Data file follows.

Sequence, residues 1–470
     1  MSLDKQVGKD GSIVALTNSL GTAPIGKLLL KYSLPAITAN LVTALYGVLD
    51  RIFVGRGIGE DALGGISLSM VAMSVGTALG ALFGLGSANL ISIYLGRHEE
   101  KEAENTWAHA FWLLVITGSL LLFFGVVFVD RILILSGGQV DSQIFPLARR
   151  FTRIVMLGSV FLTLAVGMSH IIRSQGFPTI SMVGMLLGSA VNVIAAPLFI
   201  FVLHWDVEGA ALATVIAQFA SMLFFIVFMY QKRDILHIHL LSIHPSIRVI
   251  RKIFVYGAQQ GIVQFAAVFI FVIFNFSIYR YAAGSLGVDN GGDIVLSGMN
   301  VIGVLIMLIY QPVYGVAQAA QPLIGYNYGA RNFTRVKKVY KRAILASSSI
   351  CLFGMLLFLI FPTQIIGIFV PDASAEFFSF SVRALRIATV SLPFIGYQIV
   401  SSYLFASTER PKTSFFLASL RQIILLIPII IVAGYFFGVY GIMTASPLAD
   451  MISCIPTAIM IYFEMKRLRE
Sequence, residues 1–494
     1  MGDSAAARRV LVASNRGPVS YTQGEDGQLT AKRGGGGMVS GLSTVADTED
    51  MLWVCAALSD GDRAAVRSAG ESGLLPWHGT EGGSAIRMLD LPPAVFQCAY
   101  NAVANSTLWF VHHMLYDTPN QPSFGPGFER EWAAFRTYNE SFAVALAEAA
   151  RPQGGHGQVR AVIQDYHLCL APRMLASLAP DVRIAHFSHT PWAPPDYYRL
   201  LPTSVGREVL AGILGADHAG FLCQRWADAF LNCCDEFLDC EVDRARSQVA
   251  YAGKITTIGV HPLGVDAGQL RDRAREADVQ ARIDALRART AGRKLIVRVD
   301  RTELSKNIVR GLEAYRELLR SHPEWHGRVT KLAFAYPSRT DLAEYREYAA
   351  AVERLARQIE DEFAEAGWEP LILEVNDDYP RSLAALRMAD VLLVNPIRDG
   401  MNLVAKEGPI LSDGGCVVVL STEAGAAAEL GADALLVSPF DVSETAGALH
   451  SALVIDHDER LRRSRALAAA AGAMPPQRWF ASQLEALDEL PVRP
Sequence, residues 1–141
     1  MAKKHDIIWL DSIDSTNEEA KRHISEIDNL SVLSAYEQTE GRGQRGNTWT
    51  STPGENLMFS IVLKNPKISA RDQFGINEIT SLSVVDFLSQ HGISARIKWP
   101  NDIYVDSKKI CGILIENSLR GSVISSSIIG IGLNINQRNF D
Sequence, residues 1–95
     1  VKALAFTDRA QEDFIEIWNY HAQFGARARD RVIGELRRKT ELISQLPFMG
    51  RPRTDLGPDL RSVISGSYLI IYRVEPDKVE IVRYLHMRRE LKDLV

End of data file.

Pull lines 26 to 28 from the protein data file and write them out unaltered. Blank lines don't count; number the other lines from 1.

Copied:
   101  NDIYVDSKKI CGILIENSLR GSVISSSIIG IGLNINQRNF D
Sequence, residues 1–95
     1  VKALAFTDRA QEDFIEIWNY HAQFGARARD RVIGELRRKT ELISQLPFMG